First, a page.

Daily Briefing

Ask these 3 questions to develop your leaders amid Covid-19

Craig Pirner By Craig Pirner, Managing Director


A lot has changed for health care leaders in the past year—including the focus of and delivery mechanisms for leadership development programs. But one thing is clear: It's a demanding time to lead in health care, and the degree of difficulty is high. And that means that development support for leaders is critical.

Infographic: Pick the right leaders for tomorrow's game

As leaders continue to navigate Covid-19 and its attendant economic effects; grapple with diversity, inclusion, and equity; and face ongoing limitations on traditional means of assembling their teams, here are three questions to help you focus on the most meaningful leadership development interventions in the year ahead.

Question #1: Are leaders getting the community and skills they need right now?

Covid-19 is a marathon, not a sprint. We're seeing the mixed emotions that come with marathons. Many leaders feel pride in what their institutions have accomplished and are grateful for the camaraderie that has characterized the past few months. Simultaneously, leaders are exhausted: For months, they have faced ambiguity, translated for their teams frequently evolving guidance, and supported colleagues experiencing heightened professional and personal stress (while processing similar stresses themselves).

And many, if not most, health care leaders have performed admirably in the circumstances. Yet we must proactively address to what leaders are vulnerable during extended crisis: Unprocessed emotions risk becoming isolation, principled prioritization risks becoming avoidance, fast decision-making risks defaulting to command-and-control.

To ensure you address this question, focus on three leadership development imperatives:

  • Foster a sense of community among leaders. Give leaders collective spaces in which to process what they have been and are going through. Ask leaders to name the mixed emotions they are experiencing; then, use your facilitative and consultative talents to dig beneath those emotions and connect them to patterns of behavior. Help leaders grapple with what behaviors might be counter-productive over the long-term if not appropriately regulated in the short-term.

    For example, one health system with whom we work has assembled its senior leaders into small cohorts. Each cohort is participating in a 90-minute facilitated discussion about the emotions they have experienced and reflecting on how those moods affect the shadows they are casting as leaders. Evaluations demonstrate that the forums have lessened isolation—helping leaders understand they are not alone in feeling the emotional intensity of the past year—and that leaders appreciate a chance to process the paradox of needing to be vulnerable with their teams while also projecting confidence.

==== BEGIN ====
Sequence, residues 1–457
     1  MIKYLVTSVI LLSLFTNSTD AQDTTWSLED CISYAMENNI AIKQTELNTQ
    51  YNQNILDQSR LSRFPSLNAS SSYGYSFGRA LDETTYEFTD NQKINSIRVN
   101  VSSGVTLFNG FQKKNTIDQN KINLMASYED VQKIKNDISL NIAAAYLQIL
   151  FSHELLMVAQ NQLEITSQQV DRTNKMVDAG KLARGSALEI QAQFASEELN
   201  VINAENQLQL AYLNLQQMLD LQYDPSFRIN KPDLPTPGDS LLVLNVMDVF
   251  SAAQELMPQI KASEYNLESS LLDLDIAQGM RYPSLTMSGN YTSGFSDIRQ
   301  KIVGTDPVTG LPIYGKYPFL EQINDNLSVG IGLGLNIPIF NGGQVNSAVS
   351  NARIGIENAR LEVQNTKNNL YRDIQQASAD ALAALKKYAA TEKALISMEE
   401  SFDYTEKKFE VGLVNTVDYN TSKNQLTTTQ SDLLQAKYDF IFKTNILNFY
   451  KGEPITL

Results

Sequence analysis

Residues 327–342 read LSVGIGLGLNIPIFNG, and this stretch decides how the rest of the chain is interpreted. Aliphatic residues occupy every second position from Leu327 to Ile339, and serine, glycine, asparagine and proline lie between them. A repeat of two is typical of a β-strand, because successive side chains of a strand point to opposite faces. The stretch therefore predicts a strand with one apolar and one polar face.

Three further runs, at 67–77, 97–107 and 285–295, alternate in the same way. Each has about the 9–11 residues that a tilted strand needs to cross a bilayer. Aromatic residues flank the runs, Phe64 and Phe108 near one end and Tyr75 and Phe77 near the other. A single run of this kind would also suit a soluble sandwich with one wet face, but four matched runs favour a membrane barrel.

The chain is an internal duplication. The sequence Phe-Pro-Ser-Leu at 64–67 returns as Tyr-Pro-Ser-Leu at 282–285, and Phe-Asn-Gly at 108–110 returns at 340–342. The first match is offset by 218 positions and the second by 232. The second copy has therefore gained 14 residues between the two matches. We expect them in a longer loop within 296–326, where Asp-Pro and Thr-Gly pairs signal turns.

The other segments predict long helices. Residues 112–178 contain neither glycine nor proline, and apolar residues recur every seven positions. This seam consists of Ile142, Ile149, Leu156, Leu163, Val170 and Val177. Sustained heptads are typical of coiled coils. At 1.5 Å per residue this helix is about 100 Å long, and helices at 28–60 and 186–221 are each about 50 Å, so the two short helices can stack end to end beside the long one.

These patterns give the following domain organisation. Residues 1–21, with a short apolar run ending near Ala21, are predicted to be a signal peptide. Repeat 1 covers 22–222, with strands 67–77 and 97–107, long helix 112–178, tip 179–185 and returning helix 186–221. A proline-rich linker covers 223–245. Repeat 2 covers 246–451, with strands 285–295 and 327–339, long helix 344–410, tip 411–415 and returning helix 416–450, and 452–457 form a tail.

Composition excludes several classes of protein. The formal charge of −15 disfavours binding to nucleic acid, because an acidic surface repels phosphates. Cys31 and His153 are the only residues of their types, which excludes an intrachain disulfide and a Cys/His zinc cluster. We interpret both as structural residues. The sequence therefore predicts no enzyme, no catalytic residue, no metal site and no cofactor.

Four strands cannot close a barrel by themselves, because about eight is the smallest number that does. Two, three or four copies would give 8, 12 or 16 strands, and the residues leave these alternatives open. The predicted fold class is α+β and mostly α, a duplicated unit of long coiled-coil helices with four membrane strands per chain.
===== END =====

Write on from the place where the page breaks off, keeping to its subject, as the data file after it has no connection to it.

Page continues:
• Focus on a short list of developmental priorities. While there are some populations (e.g., high-potential leaders) for whom all-encompassing developmental experiences remain essential, for the vast majority of health care managers and leaders, Covid-19's impact on physical, emotional, and intellectual capacity justify focusing developmental interventions on the knowledge, skills, and attitudes most important right now.
  • Ensure developmental interventions are digestible—but still leverage the value of synchronous gatherings. Again cognizant of Covid-19's effects on capacity, many institutions are limiting developmental interventions to 90 minutes—often, of course, delivered virtually, to maximize accessibility while many work-from-home and limits on gatherings apply.

That said, the synchronous nature of those interventions—leaders coming together, live, as a leadership community—has, for many institutions, never been more important as a supplement to asynchronous, digital interventions in the flow of work. The very act of gathering has particular cultural resonance now, and learning and developmental leaders are wise to capitalize on that resonance by incorporating approaches that emphasize community-building, collective processing, and shared learning.

Question #2: Are you preparing leaders to deliver tough messages?

As senior leaders turn their attention to positioning their organizations to focus on the strategic plan and recover from Covid-19, they are likely going to be asking a lot of the workforce. For example, in the months ahead, executives may request that the workforce:

  • Become comfortable with greater flexibility in where, when, and how people work;